DNA Microarray Experiments

DNA microarray experiments have found asthma to be related to eight clusters of genes. According to the biomatics model, there may be three binary dynamics, A B and C. responsible for asthma. Three proteins (Topoisomerases?), methylation, acetylation, or ubiquitination reactions manipulated in a specific combination can adjust this system through a set of state transitions. 

Consider the normal state of these eight clusters as a vector V1 as follows-

V1 =   |G0|
           |G1|
           |G2|
           |G3|
           |G4|
           |G5|
           |G7|

Similarly, define the cancerous state as V2-

V2 =   |G0|
           |G1|
           |G2|
           |G3|
           |G4|
           |G5|
           |G7|

The desired therapy result vector is then V3 = V2 - V1 to restore V2 to V1

 

*
0
A
B
C
AB
AC
BC
ABC
G0
G0
G1
G2
G3
G4
G5
G6
G7
G1
G1
G0
G4
G5
G2
G3
G7
G6
G2
G2
G4
G0
G6
G1
G7
G3
G5
G3
G3
G5
G6
G0
G7
G1
G2
G4
 G4
G4
G2
G1
G7
G0
G6
G5
G3
G5
G5
G3
G7
G1
G6
G0
G4
G2
G6
G6
G7
G3
G2
G5
G4
G0
G1
G7
G7
G6
G5
G4
G3
G2
G1
G0


So for example if GN is over expressed and GM is under expressed- locate GM on the left hand side of the table and apply the associated dynamic combination to transition to state GM. E.g. applying AB to G4 yields G0.


External Links:


 

We wished to quantify the state-of-the-art of our understanding of clusters in microarray data. To do this we systematically compared the clusters produced on sets of microarray data using a representative set of clustering algorithms (hierarchical, k-means, and a modified version of QT_CLUST) with the annotation schemes MIPS, GeneOntology and GenProtEC. We assumed that if a cluster reflected known biology its members would share related ontological annotations. This assumption is the basis of "guilt-by-association" and is commonly used to assign the putative function of proteins. To statistically measure the relationship between cluster and annotation we developed a new predictive discriminatory measure.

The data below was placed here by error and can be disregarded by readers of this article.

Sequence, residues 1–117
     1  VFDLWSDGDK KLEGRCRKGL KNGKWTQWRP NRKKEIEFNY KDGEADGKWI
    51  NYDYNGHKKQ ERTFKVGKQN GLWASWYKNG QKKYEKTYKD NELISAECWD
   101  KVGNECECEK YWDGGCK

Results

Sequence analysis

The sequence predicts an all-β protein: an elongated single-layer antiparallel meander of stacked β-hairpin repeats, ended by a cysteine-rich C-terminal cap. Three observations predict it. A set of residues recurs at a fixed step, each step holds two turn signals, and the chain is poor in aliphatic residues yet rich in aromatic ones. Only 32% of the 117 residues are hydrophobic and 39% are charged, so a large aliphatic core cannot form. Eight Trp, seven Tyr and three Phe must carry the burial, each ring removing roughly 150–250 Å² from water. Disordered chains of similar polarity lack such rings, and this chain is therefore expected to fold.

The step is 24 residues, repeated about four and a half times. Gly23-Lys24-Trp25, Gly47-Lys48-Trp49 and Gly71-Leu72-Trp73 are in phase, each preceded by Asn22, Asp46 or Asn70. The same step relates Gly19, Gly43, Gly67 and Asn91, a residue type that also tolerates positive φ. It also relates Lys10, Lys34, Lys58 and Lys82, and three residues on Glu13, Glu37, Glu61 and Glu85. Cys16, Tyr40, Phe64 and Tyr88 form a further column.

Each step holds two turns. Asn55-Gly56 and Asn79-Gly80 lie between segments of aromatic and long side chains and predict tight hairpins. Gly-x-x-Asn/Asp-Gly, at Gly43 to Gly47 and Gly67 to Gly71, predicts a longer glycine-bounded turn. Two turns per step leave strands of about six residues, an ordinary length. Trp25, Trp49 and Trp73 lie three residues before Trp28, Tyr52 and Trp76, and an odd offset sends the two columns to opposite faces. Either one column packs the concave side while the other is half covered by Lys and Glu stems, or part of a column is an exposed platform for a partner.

We found that the clusters found in microarray data do not in general agree with functional annotation classes. Although many statistically significant relationships can be found, the majority of clusters are not related to known biology (as described in annotation ontologies). This implies that use of guilt-by-association is not supported by annotation ontologies. Depending on the estimate of the amount of noise in the data, our results suggest that bioinformatics has only codified a small proportion of the biological knowledge required to understand microarray data. 

http://www.bioinfo.de/isb/2002/02/0046/

The GO project has developed three structured controlled vocabularies (ontologies) that describe gene products in terms of their associated biological processes, cellular components and molecular functions in a species-independent manner. There are three separate aspects to this effort: first, the development and maintenance of the ontologies themselves; second, the annotation of gene products, which entails making associations between the ontologies and the genes and gene products in the collaborating databases; and third, development of tools that facilitate the creation, maintenance and use of ontologies. 

http://www.geneontology.org/